News | January 14, 2009

Doctors Request More Funding for Imaging Prostate Cancer

January 14, 2009 – Leaders from the medical field and academia urge Obama Administration, Congress, the National Institutes of Health and the Department of Defense to increase federal funding for research into imaging technologies for less invasive and more accurate diagnosis of prostate cancer.

“We lack the accurate imaging tools that would help us perform better biopsies and design more optimal treatments for our patients,” said Theodore DeWeese, M.D., chair of Radiation Oncology at Johns Hopkins University, who was among the conference participants to support the consensus statement.

Meeting this week in Bethesda, MD, at a conference convened by the AdMeTech Foundation, the medical experts discussed strategies for speeding development of imaging technologies for prostate cancer modeled after life-saving mammograms for women. They reportedly agreed that advanced prostate imaging would save lives and an estimated $5 billion per year in healthcare costs.

“As physicians, scientists, educators and patients, we are personally concerned about the human and societal costs of prostate cancer. We firmly believe that more accurate imaging technology would lead to better patient care, including guidance for diagnosis, biopsy and minimally invasive therapy,” today’s consensus statement reads. “The AdMeTech Foundation conference clearly demonstrated that real and important improvements in prostate cancer care are at hand if we are resolved to increase the national investment in prostate diagnostics.”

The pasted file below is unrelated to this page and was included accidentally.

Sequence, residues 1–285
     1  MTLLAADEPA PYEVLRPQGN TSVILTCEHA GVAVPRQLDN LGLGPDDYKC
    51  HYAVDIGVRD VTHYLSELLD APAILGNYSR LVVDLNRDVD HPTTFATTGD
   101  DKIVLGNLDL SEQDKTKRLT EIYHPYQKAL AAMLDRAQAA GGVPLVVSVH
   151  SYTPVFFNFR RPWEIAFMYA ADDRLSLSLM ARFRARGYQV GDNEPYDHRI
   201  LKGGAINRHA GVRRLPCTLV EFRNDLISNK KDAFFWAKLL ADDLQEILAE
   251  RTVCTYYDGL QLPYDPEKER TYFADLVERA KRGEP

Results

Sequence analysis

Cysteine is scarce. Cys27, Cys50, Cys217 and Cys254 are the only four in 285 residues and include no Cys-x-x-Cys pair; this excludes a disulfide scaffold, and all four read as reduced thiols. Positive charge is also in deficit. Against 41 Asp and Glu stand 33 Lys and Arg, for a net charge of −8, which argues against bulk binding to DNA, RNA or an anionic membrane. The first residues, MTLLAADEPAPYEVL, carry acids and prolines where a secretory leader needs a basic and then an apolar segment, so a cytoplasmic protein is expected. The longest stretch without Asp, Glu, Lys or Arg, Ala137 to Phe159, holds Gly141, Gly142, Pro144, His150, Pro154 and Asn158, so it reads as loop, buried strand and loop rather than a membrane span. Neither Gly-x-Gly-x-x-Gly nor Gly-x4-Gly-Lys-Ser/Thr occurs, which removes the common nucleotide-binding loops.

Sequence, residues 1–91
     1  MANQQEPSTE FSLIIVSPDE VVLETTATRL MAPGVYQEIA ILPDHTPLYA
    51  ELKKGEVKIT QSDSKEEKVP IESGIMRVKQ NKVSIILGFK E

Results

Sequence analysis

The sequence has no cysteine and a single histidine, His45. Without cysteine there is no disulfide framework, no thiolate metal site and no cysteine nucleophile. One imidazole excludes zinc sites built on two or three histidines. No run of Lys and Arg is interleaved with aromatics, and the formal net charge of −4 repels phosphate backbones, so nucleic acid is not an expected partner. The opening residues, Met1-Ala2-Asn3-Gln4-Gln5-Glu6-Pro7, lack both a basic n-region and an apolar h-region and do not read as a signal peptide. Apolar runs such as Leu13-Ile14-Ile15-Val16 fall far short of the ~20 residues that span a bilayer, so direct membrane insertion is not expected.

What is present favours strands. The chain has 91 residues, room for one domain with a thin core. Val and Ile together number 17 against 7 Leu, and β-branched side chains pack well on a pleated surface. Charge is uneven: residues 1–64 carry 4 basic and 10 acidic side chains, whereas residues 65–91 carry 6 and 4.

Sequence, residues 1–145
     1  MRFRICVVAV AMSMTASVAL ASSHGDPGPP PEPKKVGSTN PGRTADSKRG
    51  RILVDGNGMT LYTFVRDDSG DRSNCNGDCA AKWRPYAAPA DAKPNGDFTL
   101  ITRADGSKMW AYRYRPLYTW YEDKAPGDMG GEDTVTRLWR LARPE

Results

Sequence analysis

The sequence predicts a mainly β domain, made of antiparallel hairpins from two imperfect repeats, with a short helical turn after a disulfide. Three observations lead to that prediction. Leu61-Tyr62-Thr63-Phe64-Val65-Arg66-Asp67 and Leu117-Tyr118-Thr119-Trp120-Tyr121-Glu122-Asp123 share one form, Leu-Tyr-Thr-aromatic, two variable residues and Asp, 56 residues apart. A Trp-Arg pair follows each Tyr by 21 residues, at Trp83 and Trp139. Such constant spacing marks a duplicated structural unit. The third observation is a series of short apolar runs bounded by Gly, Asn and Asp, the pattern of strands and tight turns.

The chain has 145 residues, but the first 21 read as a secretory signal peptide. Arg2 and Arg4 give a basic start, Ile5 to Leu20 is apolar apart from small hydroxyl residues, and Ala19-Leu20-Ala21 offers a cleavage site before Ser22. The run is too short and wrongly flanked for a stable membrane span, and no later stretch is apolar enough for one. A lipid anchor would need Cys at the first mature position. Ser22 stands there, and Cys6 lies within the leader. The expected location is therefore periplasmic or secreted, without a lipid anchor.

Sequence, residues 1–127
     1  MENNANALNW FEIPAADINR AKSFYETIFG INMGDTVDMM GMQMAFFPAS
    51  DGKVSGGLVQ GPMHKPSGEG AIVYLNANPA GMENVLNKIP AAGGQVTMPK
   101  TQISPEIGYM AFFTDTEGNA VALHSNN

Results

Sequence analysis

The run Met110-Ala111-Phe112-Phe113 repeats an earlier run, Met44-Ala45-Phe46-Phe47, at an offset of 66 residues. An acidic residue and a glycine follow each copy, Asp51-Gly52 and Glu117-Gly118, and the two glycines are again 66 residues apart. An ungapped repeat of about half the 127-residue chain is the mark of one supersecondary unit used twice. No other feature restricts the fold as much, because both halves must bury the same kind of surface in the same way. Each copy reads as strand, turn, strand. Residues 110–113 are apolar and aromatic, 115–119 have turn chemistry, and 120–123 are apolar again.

Conference participants also signed a letter to Dr. Raynard S. Kington, acting director of the National Institutes of Health, urging increased federal research funding for prostate cancer imaging diagnostics.

The clinical experts met over the past two days as a result of the meeting between leadership of the AdMeTech Foundation, advocacy groups, and industry with Dr. Elias Zerhouni, director of NIH, in the spring of 2008. The experts unanimously agreed that prostate cancer care is in a state of crisis due to the lack of reliable imaging tools critical to guiding early detection, accurate diagnosis and the most effective and least invasive treatment.

For more information: www.admetech.org

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